About three-quarters of private sector business executives are confident that this year will be good for their operations, a survey conducted by the Association of Ghana Industries (AGI) has established.
Out of the 226 chief executives interviewed, only four per cent expected 2007 to be poor for their businesses, while 23 per cent said it would be fair. However, 73 per cent out of the number were very confident that the climate would be good for them.
The AGI Business Climate Survey (BCS), the first of its kind in the country, was to find out, at firsthand, how conducive the business climate is to allow Ghanaian companies to be internationally competitive, serve as a basis for informed decision making by businesses and also inform the policy directions of the government.
The survey, sponsored by the German Technical Co-operation (GTZ), covered AGI members in textiles, garments and knitting, food, drinks and beverages, metals, packaging, printing and stationery, as well as services, in Accra and Tema and the Western, Central, Ashanti and Brong Ahafo regions.
Other areas covered by the survey were drugs and chemicals, electricals and electronics, building products, wood processing and furniture, as well as toiletries and cosmetics.
The survey, however, established that big and especially medium-size companies were much more optimistic than small companies.
According to the figures, for those who said the previous year was good, three per cent were small companies, 24 per cent were medium-sized, with 13 per cent being big companies.
On the export market, almost half of the respondents were already exporting to ECOWAS markets, with only two companies having plans to start exporting to West African markets this year, the survey indicated.
It found that while 32 per cent of the respondents exported to markets other than the ECOWAS region, only one additional company would want to undertake that venture this year.
The survey, which also measured the challenges facing the business sector, also found that the greatest challenge facing the private sector was the recent national load-shedding exercise, followed by the cost of credit, the quality of power supply and competition from imported goods.
It found that three-quarters of the respondents rated the national load-shedding exercise as the most serious challenge, followed by the high cost of credit.
Majority of the respondents also cited the quality of power and competition from imported goods as major challenges.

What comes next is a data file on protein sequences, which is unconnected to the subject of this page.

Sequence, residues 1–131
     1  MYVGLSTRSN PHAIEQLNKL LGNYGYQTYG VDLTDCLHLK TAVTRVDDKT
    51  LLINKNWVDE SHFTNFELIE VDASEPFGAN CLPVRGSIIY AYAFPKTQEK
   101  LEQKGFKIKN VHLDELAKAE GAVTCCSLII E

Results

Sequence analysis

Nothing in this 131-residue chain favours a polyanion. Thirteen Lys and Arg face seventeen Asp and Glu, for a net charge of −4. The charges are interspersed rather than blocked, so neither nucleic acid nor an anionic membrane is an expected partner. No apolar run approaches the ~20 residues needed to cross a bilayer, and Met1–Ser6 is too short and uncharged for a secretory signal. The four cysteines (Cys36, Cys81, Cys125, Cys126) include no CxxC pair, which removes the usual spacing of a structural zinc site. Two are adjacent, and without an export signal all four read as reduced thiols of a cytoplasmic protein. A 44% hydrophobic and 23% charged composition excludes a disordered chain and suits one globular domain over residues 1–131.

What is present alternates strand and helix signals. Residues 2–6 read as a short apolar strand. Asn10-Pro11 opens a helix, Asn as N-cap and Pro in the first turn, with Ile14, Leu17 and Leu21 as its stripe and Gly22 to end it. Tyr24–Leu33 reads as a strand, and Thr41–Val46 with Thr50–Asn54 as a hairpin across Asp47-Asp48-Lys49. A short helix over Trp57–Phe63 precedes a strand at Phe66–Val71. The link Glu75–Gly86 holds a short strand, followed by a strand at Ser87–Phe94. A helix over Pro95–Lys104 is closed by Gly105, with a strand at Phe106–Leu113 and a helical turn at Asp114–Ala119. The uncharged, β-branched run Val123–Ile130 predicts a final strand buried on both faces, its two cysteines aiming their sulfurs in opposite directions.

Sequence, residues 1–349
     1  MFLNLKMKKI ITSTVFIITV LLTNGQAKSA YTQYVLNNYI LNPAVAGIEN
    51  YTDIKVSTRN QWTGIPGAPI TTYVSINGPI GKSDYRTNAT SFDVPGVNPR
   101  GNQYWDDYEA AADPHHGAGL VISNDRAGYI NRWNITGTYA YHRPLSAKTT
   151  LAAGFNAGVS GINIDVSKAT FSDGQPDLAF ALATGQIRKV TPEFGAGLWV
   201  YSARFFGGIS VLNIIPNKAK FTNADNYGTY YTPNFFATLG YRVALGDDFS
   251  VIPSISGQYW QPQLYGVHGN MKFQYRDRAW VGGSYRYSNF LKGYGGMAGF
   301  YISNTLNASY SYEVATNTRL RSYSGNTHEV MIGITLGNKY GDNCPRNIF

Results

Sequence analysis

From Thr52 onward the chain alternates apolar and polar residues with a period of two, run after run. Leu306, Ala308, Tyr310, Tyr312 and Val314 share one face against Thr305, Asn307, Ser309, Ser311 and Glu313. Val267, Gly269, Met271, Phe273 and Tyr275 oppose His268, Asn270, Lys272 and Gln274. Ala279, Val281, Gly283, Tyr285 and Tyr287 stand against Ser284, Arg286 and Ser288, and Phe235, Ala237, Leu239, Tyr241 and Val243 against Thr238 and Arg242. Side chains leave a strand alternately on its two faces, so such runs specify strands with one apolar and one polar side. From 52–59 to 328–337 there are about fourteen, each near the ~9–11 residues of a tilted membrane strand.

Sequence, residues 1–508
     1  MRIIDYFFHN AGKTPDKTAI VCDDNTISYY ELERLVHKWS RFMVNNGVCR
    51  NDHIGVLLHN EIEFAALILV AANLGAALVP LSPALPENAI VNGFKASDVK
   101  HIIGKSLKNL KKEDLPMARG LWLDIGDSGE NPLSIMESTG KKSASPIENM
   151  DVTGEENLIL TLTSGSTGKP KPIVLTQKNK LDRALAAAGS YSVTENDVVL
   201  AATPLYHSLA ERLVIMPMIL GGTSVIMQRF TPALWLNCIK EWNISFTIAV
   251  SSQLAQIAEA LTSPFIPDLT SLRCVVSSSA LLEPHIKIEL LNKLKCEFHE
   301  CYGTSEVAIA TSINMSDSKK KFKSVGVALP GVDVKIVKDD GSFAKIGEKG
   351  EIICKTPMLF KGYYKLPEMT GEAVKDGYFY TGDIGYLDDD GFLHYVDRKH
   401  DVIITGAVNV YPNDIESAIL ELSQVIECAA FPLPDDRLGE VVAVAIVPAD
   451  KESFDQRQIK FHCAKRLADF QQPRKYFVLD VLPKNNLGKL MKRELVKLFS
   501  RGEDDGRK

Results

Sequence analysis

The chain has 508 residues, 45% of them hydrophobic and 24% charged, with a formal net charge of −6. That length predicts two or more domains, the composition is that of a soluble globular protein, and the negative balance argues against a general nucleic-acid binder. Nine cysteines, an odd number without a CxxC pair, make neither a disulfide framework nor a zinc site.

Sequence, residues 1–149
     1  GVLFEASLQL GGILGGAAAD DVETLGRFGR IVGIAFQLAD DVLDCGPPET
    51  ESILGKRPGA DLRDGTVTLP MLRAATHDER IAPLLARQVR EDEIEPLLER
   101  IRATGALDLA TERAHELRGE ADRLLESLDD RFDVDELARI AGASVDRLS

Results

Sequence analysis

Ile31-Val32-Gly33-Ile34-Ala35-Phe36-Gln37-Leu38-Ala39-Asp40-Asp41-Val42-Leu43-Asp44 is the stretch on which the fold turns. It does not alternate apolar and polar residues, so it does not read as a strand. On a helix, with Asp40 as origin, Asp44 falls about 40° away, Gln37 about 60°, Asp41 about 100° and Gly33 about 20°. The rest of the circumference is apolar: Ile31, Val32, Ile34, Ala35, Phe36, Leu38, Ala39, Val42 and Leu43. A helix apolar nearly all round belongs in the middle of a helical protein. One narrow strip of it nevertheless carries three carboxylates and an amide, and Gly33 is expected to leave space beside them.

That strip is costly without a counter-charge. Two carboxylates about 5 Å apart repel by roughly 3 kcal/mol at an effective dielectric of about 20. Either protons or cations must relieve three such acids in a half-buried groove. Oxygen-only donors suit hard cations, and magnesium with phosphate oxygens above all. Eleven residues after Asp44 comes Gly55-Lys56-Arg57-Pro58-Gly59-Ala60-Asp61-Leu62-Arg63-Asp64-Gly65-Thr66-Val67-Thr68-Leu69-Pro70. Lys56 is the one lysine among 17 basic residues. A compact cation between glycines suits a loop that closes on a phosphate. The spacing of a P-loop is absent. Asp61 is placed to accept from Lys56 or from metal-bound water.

“The government must institute immediate measures to solve the power crisis in the country. Power is a critical component of industries and there is the need to include extra generation from emergency sources within the next two to three months,” the President of the AGI, Mr Tony Oteng-Gyasi, said about the findings.
On the high cost of and access to credit, the AGI President said there was the need for the central bank to legislate the difference between the Bank of Ghana (BoG) prime rate and the base rate of commercial banks.
“If it is not going to legislate, it should find ways of closing the gap,” he said, adding that getting the banks to publish their charges had also stopped, after just a few months of compliance.
Mr Oteng-Gyasi said interestingly, some banks were lending below their base rates but the public, especially the private sector, needed to be aware of such a possibility.
The AGI President said the fact that only a handful of companies planned to expand their exports was enough grounds for greater support for companies to export.
He called for a level playing field between imported products and locally-made ones based on the report that about 70 per cent cited unfair competition as a threat.
Mr Oteng-Gyasi stressed that imported products were cheaper because their quality was inferior, adding that there was the need for the regulatory bodies, such as the Ghana Standards Board and the Food and Drugs Board, to prevent such sub-standard goods from entering the local market.
He called on policy makers to make use of the findings in their policy formulations and take measures to resolve the bottlenecks found in the business environment.
The next BCS will be conducted in August this year.
Story By Samuel Doe